Radical Acceptance is this week’s DBT concept/practice/homework. Radical acceptance is the skill of accepting the things you can’t change, á la the Serenity Prayer. The radical part indicates that it is complete and total. The acceptance part is seeing reality for what it is, even if you don’t like it.
Radical Acceptance = “It is what it is.”
I’m coming to understand radical acceptance as a choice, a practice even. Whenever I see myself getting tangled up in non-acceptance (anger, denial, bitterness, self-pity), I acknowledge it and let it go, opening myself up to accepting reality as it is. Over and over again. This is called “turning the mind” in DBT-speak.
It feels like I have found a Zen practice group, except that they call it DBT and it is focused on borderline folks. There is other stuff in DBT that is not based in Zen, but cognitive therapy. But it really gets my notice that the chapter on dialectics in our workbook is entitled “Walking the Middle Path.”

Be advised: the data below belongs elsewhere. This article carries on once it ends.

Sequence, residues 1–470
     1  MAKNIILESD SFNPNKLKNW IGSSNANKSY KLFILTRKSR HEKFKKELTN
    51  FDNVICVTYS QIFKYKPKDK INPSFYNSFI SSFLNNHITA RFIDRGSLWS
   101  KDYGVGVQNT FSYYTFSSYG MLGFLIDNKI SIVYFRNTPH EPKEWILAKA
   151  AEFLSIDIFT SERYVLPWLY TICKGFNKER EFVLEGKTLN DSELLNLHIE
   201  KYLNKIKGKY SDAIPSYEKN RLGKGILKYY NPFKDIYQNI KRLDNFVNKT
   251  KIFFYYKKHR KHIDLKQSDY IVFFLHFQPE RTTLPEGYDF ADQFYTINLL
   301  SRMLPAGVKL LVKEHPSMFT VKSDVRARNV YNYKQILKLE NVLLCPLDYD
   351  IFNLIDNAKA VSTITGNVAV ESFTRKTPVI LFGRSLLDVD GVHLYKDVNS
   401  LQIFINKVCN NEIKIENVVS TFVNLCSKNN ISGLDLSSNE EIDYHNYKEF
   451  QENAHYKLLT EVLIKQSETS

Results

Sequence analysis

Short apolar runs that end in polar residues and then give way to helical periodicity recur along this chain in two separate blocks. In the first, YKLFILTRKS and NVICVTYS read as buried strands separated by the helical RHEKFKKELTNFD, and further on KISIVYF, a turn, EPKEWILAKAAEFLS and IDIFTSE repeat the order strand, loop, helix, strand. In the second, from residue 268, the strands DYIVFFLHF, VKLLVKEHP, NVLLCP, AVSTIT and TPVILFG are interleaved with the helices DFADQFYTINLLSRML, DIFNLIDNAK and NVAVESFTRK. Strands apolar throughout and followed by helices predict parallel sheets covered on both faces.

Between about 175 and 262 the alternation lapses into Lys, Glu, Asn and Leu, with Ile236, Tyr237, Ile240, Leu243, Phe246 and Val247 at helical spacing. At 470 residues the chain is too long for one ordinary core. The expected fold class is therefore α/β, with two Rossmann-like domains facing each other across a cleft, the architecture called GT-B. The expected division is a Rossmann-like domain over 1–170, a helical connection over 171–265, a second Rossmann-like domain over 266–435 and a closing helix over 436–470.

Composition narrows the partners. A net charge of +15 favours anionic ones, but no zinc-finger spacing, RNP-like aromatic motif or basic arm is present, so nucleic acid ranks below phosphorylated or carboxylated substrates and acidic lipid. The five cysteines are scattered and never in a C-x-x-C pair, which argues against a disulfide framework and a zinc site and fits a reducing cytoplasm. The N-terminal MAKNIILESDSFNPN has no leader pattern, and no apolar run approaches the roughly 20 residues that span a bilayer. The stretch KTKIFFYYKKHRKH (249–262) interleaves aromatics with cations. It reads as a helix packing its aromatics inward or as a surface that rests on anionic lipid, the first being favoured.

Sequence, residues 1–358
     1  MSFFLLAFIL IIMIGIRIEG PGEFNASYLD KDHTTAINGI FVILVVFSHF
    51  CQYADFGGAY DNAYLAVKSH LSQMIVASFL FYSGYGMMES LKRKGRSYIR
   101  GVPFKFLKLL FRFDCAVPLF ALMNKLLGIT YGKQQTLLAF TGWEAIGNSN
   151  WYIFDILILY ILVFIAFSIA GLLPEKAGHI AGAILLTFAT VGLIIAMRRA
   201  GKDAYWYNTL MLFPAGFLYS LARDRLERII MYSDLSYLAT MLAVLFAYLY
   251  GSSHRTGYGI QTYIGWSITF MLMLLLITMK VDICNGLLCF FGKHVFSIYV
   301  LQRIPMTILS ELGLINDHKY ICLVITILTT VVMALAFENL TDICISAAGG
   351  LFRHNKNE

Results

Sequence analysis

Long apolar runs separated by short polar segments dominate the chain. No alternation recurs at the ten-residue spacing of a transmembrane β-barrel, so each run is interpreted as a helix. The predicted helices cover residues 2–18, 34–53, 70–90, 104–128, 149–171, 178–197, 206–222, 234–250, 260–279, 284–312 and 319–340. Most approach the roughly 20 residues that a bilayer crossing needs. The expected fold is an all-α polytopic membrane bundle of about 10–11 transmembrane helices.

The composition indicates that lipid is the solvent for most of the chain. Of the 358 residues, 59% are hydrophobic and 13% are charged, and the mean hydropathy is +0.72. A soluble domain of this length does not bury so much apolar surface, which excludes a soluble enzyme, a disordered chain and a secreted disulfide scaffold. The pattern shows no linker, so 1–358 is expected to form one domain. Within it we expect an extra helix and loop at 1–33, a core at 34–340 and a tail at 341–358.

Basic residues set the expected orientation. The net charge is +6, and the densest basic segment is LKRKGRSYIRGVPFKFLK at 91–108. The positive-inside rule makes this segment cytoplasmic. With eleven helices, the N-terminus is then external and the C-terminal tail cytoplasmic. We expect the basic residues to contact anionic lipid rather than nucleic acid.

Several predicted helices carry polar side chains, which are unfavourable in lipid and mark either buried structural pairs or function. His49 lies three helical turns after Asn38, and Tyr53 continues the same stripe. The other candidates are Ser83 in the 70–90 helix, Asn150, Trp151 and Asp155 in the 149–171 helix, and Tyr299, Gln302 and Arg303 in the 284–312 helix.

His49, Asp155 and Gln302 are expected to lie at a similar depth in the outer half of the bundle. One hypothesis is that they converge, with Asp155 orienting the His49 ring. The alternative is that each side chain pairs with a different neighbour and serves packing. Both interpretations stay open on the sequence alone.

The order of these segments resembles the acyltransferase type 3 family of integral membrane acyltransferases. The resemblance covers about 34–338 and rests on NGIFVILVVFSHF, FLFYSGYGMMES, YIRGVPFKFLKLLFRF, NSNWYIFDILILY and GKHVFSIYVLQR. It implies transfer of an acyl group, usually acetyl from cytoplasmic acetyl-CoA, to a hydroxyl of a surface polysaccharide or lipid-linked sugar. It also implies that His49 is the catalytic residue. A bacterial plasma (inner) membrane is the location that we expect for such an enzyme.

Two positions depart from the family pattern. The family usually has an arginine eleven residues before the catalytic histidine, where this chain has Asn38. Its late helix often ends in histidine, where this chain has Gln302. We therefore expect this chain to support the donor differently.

Radical acceptance involves trust—trusting that the universe is indeed perfect and complete, just as it is. That I am perfect and complete: Jun (pure, immaculate, undefiled, perfect) and en (the enso—complete, total, encompassing everything). It’s right there in my name: Jun’en, perfect and complete.
Here’s to realizing that, over and over again, in the present moment. I could say I’m not there yet, but I am here and right now, here is sufficient. Even that is too much, even that includes judgment.
I am here. In that is everything.